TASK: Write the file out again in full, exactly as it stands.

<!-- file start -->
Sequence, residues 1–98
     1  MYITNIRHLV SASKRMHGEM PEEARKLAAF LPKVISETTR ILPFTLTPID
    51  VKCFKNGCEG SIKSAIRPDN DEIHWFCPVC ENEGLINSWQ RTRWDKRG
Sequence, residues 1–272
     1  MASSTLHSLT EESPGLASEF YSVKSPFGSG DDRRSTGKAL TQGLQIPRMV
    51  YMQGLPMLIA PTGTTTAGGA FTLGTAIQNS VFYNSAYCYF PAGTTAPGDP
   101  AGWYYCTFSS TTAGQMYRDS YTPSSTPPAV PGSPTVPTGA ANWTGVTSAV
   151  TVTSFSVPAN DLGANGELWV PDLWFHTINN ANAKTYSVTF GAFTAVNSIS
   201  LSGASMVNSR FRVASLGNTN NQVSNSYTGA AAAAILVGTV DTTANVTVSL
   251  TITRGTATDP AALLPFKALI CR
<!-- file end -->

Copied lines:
Sequence, residues 1–98
     1  MYITNIRHLV SASKRMHGEM PEEARKLAAF LPKVISETTR ILPFTLTPID
    51  VKCFKNGCEG SIKSAIRPDN DEIHWFCPVC ENEGLINSWQ RTRWDKRG
Sequence, residues 1–272
     1  MASSTLHSLT EESPGLASEF YSVKSPFGSG DDRRSTGKAL TQGLQIPRMV
    51  YMQGLPMLIA PTGTTTAGGA FTLGTAIQNS VFYNSAYCYF PAGTTAPGDP
   101  AGWYYCTFSS TTAGQMYRDS YTPSSTPPAV PGSPTVPTGA ANWTGVTSAV
   151  TVTSFSVPAN DLGANGELWV PDLWFHTINN ANAKTYSVTF GAFTAVNSIS
   201  LSGASMVNSR FRVASLGNTN NQVSNSYTGA AAAAILVGTV DTTANVTVSL
   251  TITRGTATDP AALLPFKALI CR